The President and Vice President Make Separate Visits to Foreign Friends and Allies
By contrast with Donald Trump and Mike Pence, the first foreign forays for Joe Biden and Kamala Harris have to go into the books as positive, ally-friendly efforts, complete with a commitment to humanitarian effort and a sense of reengaging us with the world.
But any idea that this was a swaggering America arriving on a white horse seems to be more myth-making than reality.
“America is back” and “democracy is at risk”—the substantive gist of the Biden message to leaders of the richest industrial nations meeting in Europe—are well short of any discernible strategy. And the list of actual accomplishments with G-7 partners would be pretty curtailed beyond statements that look like achievements. A number of reporters on the trip noted the main message seemed to be that Biden wasn’t Trump.
The G-7 appeared to be mostly about the handshakes and the photo ops of friends reuniting after the disliked uncle had left the room.
It appeared to be mostly about the handshakes and the photo ops of friends reuniting after the disliked uncle had left the room.
Partly because of how far Trump had moved us into isolationism, both Biden in Europe and Harris in Guatemala seemed more intent on reestablishing relationships than about achieving demonstrable international commitments on disputes. The issues range from dealing in a united way with China, Iran, the Middle East, trade and stopping the flow of migrants to our southern border.
There was more talk about cooperation against future pandemics than any agreed-upon retribution toward China’s role in keeping quiet too long about coronavirus dangers. There was talk of cracking down on international cybersecurity hacks, but words do not equal action.
Sending a Message
Yes, there were no real international snafus. But Biden and Harris managed to get tangled in distracting, peripheral messages. Biden wandered into the role of Brexit in Northern Ireland, where tempers are rising. Harris, on tape, nervously laughed to shrug off why she has defined her role in immigration not to include visits to the actual border.
More importantly, European leaders made clear that while they were glad to be Trump-less, they were in no mood to have China policy and the international agenda dictated.
The Guatemalan president, who has one hand out for U.S. billions, was quick to use the other to smack the Biden team over inviting its problems to repel too much interest in changing himself.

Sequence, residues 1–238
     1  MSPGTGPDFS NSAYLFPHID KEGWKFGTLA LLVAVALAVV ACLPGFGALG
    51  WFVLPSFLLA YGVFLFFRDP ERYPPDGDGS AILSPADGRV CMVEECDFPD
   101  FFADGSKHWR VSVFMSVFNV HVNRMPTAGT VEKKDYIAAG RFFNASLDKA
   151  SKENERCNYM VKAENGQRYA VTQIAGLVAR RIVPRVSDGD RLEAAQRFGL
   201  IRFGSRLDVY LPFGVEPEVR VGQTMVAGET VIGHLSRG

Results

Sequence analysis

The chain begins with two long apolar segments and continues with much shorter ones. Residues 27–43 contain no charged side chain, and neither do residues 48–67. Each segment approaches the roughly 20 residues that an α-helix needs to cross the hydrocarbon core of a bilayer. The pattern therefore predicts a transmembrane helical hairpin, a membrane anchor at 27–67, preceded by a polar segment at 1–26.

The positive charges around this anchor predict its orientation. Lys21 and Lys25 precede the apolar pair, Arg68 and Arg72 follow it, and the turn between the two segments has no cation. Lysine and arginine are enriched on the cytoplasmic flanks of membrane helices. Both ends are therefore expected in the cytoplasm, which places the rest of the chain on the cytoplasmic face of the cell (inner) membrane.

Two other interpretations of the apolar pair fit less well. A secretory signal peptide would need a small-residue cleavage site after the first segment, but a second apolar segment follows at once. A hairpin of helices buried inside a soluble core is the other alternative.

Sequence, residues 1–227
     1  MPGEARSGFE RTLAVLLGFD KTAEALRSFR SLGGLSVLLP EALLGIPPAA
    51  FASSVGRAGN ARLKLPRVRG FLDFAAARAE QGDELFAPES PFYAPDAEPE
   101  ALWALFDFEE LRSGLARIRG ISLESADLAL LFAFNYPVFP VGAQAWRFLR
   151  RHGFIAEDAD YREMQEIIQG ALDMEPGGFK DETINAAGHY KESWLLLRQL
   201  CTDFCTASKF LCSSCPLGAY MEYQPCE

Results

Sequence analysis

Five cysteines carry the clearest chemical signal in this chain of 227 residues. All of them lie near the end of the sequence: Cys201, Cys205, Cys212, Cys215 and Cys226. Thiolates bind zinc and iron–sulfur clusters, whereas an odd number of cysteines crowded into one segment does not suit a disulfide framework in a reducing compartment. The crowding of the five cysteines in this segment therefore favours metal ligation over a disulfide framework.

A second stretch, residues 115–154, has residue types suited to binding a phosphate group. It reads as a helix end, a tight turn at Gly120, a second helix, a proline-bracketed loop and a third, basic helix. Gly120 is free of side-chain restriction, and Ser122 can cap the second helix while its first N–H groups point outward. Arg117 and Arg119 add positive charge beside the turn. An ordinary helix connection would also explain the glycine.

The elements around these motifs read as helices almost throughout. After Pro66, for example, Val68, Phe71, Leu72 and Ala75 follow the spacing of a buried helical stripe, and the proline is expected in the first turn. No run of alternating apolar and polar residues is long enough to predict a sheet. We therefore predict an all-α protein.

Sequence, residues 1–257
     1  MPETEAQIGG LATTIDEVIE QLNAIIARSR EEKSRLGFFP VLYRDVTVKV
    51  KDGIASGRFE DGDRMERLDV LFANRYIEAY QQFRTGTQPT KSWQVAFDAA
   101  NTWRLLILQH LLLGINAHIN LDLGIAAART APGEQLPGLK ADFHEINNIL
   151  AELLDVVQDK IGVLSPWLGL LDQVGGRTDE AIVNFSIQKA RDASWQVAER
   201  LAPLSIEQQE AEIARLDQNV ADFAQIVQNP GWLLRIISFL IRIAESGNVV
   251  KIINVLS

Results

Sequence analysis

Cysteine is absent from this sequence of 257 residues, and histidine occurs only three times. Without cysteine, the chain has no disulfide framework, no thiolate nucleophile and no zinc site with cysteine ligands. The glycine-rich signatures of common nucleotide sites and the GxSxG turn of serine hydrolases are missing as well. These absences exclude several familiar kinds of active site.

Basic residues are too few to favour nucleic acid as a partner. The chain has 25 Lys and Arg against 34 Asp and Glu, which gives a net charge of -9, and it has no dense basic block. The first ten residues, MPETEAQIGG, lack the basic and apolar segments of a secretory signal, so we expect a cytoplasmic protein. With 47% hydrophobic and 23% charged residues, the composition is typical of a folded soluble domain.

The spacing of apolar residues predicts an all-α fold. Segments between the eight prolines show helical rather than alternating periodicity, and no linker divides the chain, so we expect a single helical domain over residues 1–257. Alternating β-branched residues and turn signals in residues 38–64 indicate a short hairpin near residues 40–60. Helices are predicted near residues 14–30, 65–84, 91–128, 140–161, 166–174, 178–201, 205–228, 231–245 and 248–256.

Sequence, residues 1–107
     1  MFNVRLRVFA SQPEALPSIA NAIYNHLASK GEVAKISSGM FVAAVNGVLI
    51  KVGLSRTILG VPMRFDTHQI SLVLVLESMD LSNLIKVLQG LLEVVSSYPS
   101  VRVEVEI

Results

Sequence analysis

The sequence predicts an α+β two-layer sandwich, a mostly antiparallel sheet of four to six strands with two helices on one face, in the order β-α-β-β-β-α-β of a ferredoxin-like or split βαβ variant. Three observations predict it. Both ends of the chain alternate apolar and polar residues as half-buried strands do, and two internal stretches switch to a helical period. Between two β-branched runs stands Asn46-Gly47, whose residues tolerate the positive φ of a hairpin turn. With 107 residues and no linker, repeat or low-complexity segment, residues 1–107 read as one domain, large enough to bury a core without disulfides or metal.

Early on, Biden won points for committing to buy and donate 500 million doses of vaccine for the world’s Covid-vulnerable nations and for renewing an Atlantic Charter “special relationship” with Britain, but without a whole lot of detail about what exactly that means for trade, for example.
Yes, the other G-7 members would agree to donate vaccines, and yes, there were nice words. Those looking for specifics were disappointed. Instead, we had repeated messages that Biden was no Trump, and we were left to draw our own conclusions.
It was all putting pressure on a meeting with Russia’s Vladimir Putin next week, and that session was looking increasingly bleak. Russia is not a G-7 member.
Harris Stubbed Her Toe
Likewise, Harris went to Guatemala with the promise of a $4.4 billion check, but it was not publicly clear at all what the money would be spent on or how it might not once again end up in the wrong hands. Instead, she persisted in the face of the border visit criticism to say that only long-term development in the region would stop victims of violence and natural disasters from trekking dangerously to the U.S. border only to be stopped and sent back.
Guatemalan President Alejandro Giammattei says he places blame for the border crisis on Biden and the Democrats’ “lukewarm” rhetoric on illegal immigration — adding that he urged Vice President Kamala Harris during their meeting to impose harsher penalties on human smuggling. And Harris did a poor job of handling reporters’ insistence to harp on the distraction of Republican criticisms that Harris had not herself visited the border.
Her message, like Biden’s and Trump’s before him, were aimed as much at domestic audiences as for the actual international partners with whom they were meeting.
Trump himself couldn’t hold back from trying to inject himself back into the picture, criticizing his former G-7 partners for welcoming Biden just because they could push him around, and, of course, Republicans chose to ride the Kamala-Harris-not-at-the-border train repeatedly.
So one trip didn’t solve the world’s problems.
Hey, maybe it’s enough that the new folks were treated with due respect, so long as there’s not too much crowing about huge successes later.
Featured image: President Joe Biden and First Lady Jill Biden arrive in the U.K. (AP via VOA News)